Journal of Human Reproductive Science
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CASE REPORT  
Year : 2012  |  Volume : 5  |  Issue : 3  |  Page : 293-294
 

The accessory fallopian tube: A rare anomaly


Department of Anatomy, Rural Medical College, PIMS, Loni, Ahmednagar, Maharashtra, India

Date of Submission06-Jun-2012
Date of Decision25-Jul-2012
Date of Acceptance27-Sep-2012
Date of Web Publication22-Jan-2013

Correspondence Address:
Kusum R Gandhi
Department of Anatomy, Rural Medical College, PIMS, Loni, Ahmednagar, Maharashtra
India
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Source of Support: None, Conflict of Interest: None


DOI: 10.4103/0974-1208.106344

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   Abstract 

This paper presents a rare anatomical variation in the form of accessory fallopian tube on right side. The duplication of fallopian tube was observed in a 34-year-old female during routine undergraduate dissection in our department. Fallopian tube is the part of uterus that carries the ovum from the ovary to the uterus. Accessory fallopian tube is the congenital anomaly attached to the ampullary part of main tube. This accessory tube is common site of pyosalpinx, hydrosalpinx, cystic swelling and torsion. The ovum released by the ovary may also be captured by the blind accessory tube leading to infertility or ectopic pregnancy. Hence, all patients of infertility or pelvic inflammatory disease should be screened to rule out the presence of accessory fallopian tube and if encountered should be removed.


Keywords: Accessory fallopian tube, mullerian duct, infertility, pyosalpinx


How to cite this article:
Gandhi KR, Siddiqui AU, Wabale RN, Daimi SR. The accessory fallopian tube: A rare anomaly. J Hum Reprod Sci 2012;5:293-4

How to cite this URL:
Gandhi KR, Siddiqui AU, Wabale RN, Daimi SR. The accessory fallopian tube: A rare anomaly. J Hum Reprod Sci [serial online] 2012 [cited 2020 Feb 17];5:293-4. Available from: http://www.jhrsonline.org/text.asp?2012/5/3/293/106344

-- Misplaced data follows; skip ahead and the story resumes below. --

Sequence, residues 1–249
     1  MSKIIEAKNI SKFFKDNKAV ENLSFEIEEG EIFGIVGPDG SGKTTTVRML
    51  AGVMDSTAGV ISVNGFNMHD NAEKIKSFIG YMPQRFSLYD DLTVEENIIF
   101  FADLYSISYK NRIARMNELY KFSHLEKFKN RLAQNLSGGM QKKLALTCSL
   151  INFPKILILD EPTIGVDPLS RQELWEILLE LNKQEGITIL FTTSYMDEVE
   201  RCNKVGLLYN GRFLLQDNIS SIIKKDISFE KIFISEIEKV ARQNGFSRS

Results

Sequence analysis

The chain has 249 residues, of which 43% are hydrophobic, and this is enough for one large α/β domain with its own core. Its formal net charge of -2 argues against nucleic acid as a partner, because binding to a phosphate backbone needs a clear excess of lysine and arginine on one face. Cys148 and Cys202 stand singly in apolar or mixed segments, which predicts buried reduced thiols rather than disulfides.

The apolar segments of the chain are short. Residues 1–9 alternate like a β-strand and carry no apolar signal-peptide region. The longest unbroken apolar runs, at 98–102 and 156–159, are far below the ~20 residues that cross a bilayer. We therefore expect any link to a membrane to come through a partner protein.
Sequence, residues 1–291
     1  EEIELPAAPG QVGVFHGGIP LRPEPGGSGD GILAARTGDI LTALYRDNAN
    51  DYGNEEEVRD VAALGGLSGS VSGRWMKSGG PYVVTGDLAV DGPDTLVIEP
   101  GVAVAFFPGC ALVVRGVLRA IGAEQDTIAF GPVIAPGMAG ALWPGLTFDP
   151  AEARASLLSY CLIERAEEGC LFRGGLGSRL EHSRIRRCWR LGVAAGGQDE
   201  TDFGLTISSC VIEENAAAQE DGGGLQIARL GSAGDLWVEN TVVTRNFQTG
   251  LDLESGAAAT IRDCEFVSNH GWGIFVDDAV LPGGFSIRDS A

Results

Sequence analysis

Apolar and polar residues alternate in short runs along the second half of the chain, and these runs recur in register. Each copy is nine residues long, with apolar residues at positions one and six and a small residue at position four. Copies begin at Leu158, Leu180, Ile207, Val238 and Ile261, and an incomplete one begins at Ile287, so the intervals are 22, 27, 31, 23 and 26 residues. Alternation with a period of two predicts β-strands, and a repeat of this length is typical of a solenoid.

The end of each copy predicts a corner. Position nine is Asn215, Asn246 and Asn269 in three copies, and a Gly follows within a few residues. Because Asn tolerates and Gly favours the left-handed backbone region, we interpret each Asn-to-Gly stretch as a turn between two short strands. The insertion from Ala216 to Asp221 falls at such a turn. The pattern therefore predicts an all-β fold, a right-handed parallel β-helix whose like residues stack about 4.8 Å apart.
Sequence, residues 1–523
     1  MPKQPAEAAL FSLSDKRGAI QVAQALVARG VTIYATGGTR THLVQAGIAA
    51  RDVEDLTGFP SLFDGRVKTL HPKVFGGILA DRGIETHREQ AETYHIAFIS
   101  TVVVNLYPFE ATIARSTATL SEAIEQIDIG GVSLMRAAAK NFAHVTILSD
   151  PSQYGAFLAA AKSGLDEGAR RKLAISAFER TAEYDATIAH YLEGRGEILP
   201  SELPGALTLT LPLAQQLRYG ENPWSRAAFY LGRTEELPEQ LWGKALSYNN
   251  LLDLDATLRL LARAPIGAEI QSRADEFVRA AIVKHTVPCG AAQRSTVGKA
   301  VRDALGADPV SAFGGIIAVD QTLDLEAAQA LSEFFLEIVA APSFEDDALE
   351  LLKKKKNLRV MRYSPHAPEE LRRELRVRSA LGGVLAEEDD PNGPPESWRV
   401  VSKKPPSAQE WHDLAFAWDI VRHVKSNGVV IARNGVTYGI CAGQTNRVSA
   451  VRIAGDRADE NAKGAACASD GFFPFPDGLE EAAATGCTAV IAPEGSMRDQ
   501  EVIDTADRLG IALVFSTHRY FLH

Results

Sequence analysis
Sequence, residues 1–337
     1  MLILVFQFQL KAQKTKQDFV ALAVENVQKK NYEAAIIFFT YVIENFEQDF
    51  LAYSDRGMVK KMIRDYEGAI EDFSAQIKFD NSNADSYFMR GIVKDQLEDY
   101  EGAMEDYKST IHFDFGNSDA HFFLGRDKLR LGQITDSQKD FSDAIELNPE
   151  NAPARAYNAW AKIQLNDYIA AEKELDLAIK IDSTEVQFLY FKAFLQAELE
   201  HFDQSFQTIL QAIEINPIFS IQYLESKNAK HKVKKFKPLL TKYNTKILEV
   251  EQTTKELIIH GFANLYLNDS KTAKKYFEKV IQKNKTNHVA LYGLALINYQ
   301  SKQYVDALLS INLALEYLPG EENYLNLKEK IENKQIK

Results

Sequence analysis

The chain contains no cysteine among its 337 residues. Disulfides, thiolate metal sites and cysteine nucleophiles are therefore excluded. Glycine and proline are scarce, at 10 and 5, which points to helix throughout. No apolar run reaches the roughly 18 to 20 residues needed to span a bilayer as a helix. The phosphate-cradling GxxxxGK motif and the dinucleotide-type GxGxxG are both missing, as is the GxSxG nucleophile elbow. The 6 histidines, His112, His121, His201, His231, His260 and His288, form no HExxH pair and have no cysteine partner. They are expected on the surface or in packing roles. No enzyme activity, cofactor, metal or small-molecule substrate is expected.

Introduction Top


The  Fallopian tube More Details is 10-12 cm in length, extends from the ovaries to the uterus and has four parts from medial to lateral side: Intramural, isthmic, ampullary and fimbrial. Its main function is to transport the ovum from ovary to the uterus. [1] The accessory fallopian tubes are congenital and developmental Mullerian duct abnormality of the fallopian tube. [1],[2] These are non-patent cylindrical structured attached to the ampullary part of a normal-sized tube. The accessory fallopian tubes are one of the main contributory factors of infertility as their fimbria pick the ovum instead of fimbria ovarica of normal tube. [2],[3] Ectopic pregnancy, cystic swelling and pyosalpinx are other complications related to accessory fallopian tubes. [4],[5],[6] Accessory fallopian tubes are rare developmental anomalies resulting from bifurcation of cranial ends of Mullerian ducts, which normally develops into fallopian tube. [7] Knowledge of such rare variations in the fallopian tube is essential for gynecologists in the treatment of infertility and pelvic inflammatory diseases.


   Case Report Top